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Research Papers

Phase Stability and Sintering Behavior of 10mol%Sc2O31mol%CeO2ZrO2 Ceramics

[+] Author and Article Information
Sergey Yarmolenko, Jag Sankar

Department of Mechanical Engineering, Center for Advanced Materials and Smart Structures, North Carolina A&T State University, 1601 E. Market Street, 242 IRC Building, Greensboro, NC 27411

Nicholas Bernier, Michael Klimov, Jay Kapat

Department of Mechanical, Materials and Aerospace Engineering, University of Central Florida, 4000 Central Florida Boulevard, Orlando, FL 32816-2450

Nina Orlovskaya1

Department of Mechanical, Materials and Aerospace Engineering, University of Central Florida, 4000 Central Florida Boulevard, Orlando, FL 32816-2450norlovsk@mail.ucf.edu

1

Corresponding author.

J. Fuel Cell Sci. Technol 6(2), 021007 (Feb 24, 2009) (8 pages) doi:10.1115/1.2971126 History: Received June 13, 2007; Revised February 19, 2008; Published February 24, 2009

The phase composition and sintering behavior of two commercially available 10mol%Sc2O31mol%CeO2ZrO2 ceramics produced by Daiichi Kigenso Kagaku Kogyo (DKKK) and Praxair have been studied. DKKK powders have been manufactured using a wet coprecipitation chemical route, and Praxair powders have been produced by spray pyrolysis. The morphology of the powders, as studied by scanning electron microscopy, has been very different. DKKK powders were presented as soft (100μm) spherical agglomerates containing 60100nm crystalline particles, whereas the Praxair powders were presented as sintered platelet agglomerates, up to 30μm long and 34μm thick, which consisted of smaller 100200nm crystalline particles. X-ray diffraction analysis has shown that both DKKK and Praxair powders contained a mixture of cubic (c) and rhombohedral (r) phases: 79% cubic +21% rhombohedral for DKKK powders and 88% cubic +12% rhombohedral for Praxair powders. Higher quantities of the Si impurity level have been detected in Praxair powder as compared to DKKK powder by secondary ion mass spectroscopy. The morphological features, along with differences in composition and the impurity level of both powders, resulted in significantly different sintering behaviors. The DKKK powders showed a more active sintering behavior than of Praxair powders, reaching 93–95% of theoretical density when sintered at 1300°C for 2h. Comparatively, the Praxair powders required high sintering temperatures at 15001600°C. However, even at such high sintering temperatures, a significant amount of porosity was observed. Both DKKK and Praxair ceramics sintered at 1300°C or above exist in a cubic phase at room temperature. However, if sintered at 1100°C and 1200°C, the DKKK ceramics exist in a rhombohedral phase at room temperature. The DKKK ceramics sintered at 1300°C or above exhibit cubic to rhombohedral and back to cubic phase transitions upon heating at a 300500°C temperature range, while Praxair ceramics exist in a pure cubic phase upon heating from room temperature to 900°C. However, if heated rather fast, the cubic to rhombohedral phase transformation could be avoided. Thus it is not expected that the observed phase transitions play a significant role in developing transformation stresses in ScCeZrO2 electrolyte upon heating and cooling down from the operation temperatures.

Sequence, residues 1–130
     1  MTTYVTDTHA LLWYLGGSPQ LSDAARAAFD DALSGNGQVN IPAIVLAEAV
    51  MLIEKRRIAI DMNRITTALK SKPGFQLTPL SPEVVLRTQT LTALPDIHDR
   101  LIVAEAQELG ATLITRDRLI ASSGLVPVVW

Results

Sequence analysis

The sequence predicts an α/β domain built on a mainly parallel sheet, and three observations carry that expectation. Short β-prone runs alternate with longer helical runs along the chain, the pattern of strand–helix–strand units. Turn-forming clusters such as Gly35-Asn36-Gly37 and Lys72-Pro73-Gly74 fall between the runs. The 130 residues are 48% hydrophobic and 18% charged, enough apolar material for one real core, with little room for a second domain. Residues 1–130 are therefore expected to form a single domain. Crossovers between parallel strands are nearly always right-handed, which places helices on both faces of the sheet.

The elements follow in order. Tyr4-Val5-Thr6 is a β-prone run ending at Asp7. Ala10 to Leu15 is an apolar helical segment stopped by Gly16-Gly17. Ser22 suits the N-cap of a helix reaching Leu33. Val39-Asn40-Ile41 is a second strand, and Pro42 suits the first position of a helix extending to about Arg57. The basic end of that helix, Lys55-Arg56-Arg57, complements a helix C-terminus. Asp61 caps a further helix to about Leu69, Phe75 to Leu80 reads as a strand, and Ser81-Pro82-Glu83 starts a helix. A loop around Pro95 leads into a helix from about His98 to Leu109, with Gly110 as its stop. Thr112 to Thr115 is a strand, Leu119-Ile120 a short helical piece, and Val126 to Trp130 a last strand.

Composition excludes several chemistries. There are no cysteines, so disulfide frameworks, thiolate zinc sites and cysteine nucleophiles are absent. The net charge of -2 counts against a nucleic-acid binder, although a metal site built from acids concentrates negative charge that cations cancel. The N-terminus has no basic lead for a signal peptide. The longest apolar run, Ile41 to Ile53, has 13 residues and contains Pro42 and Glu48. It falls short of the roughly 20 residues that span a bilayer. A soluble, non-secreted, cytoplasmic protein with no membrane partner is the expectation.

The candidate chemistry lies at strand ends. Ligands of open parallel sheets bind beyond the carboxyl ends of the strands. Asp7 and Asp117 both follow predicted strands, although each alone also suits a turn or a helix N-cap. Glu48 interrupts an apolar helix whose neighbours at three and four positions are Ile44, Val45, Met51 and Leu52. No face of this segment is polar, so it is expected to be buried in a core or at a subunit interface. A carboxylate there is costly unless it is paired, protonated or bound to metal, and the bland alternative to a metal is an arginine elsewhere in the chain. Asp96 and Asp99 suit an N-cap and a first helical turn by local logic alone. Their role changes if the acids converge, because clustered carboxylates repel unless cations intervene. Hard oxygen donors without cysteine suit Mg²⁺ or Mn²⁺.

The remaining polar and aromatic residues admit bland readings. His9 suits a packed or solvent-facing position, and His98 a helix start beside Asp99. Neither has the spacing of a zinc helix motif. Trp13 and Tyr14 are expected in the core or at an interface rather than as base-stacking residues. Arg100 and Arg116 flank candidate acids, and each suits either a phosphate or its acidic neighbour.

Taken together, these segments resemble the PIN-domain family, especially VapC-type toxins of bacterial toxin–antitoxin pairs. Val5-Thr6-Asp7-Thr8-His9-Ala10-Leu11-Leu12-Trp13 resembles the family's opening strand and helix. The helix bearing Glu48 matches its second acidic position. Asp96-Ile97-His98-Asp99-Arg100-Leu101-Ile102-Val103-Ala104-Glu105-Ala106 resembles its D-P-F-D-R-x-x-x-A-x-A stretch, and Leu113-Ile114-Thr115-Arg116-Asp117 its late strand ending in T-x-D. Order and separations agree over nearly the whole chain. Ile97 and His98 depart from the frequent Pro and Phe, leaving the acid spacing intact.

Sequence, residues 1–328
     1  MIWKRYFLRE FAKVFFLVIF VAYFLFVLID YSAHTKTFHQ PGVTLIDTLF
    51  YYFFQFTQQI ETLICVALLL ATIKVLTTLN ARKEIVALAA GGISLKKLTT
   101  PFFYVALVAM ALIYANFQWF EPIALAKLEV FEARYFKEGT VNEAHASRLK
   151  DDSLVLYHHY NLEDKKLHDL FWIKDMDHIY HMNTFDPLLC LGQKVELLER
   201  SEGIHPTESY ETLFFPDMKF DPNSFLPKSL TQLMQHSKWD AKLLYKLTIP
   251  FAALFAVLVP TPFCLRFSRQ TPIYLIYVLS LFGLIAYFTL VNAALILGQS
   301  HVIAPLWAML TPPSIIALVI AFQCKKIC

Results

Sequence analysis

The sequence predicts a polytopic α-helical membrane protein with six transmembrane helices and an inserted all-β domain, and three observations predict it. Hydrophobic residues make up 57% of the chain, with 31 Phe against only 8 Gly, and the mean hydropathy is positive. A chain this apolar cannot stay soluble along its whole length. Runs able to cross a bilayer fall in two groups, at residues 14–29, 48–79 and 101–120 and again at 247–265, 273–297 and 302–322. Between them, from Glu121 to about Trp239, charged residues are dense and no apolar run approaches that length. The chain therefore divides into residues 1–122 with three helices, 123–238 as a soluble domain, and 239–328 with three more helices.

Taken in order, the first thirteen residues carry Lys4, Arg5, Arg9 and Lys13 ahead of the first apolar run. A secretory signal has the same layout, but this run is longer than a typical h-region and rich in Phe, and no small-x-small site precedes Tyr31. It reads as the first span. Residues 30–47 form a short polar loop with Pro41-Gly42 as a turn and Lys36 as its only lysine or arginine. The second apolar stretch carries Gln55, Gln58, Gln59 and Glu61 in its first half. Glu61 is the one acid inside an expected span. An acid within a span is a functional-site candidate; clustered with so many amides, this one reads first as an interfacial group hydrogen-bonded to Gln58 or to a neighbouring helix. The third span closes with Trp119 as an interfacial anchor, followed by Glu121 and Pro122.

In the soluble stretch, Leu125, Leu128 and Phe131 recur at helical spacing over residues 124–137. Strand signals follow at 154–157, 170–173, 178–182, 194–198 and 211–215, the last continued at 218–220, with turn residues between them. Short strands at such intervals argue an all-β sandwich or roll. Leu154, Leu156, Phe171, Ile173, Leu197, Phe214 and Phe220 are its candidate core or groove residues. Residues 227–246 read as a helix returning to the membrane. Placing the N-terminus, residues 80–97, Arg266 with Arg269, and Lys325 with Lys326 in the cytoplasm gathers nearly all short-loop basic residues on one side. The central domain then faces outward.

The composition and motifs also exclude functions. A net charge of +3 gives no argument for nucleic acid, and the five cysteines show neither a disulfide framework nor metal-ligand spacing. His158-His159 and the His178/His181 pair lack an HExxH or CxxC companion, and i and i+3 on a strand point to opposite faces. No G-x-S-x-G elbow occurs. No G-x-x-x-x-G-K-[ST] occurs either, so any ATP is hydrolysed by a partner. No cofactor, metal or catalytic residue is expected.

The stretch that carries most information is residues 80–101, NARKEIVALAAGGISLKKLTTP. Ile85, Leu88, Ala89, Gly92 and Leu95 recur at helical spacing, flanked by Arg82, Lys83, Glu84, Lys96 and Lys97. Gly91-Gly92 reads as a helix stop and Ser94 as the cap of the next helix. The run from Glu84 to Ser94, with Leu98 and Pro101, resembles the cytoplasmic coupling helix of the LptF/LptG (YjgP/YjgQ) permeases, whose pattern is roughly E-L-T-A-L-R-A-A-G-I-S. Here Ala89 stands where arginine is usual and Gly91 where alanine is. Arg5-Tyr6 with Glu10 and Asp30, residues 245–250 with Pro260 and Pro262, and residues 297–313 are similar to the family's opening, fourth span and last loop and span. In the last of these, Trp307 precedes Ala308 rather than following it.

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Copyright © 2009 by American Society of Mechanical Engineers
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Figures

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Figure 1

SEM images of as received DKKK and Praxair powders

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Figure 2

XRD patterns of (a) DKKK and (b) Praxair powders both at room and high temperatures

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Figure 3

SIMS analysis of DKKK and Praxair powders

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Figure 4

A (a) shrinkage, (b) porosity, and (c) grain size (c) of the DKKK and Praxair ceramics as a function of the sintering temperatures

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Figure 5

SEM micrographs polished and thermally etched DKKK (top line) and Praxair (bottom line) ceramics sintered at different temperatures. The difference in grain color is due to the strong crystal orientation dependence of the intensity of high energy backscattered electrons (BSEs) (30).

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Figure 6

Fracture surfaces of (a) DKKK and (b) Praxair ceramics sintered at 1600°C. Surface termination steps discovered inside the close pores in (c) DKKK and (d) Praxair ceramics.

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Figure 7

Room temperature XRD patterns of DKKK and Praxair ceramics as a function of sintering temperature

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Figure 8

High temperature XRD patterns of DKKK ceramic sintered at 1600°C. Silver peaks were used for internal temperature calibration.

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Figure 9

DSC data and fraction of the cubic phase for DKKK samples sintered at 1600°C upon heating. DSC data are also presented upon cooling of the ceramics.

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Figure 10

(a) Results of the XRD Rietveld multiphase analysis for DKKK samples in the temperature range of 200–600°C. (b) Content of the β phase at 400°C as a function of the grain size of DKKK ceramics.

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Figure 11

AFM images of a thermally etched DKKK ceramic sample sintered at 1600°C before (top) and after (bottom) conversion to the β phase by annealing at 400°C for 12h

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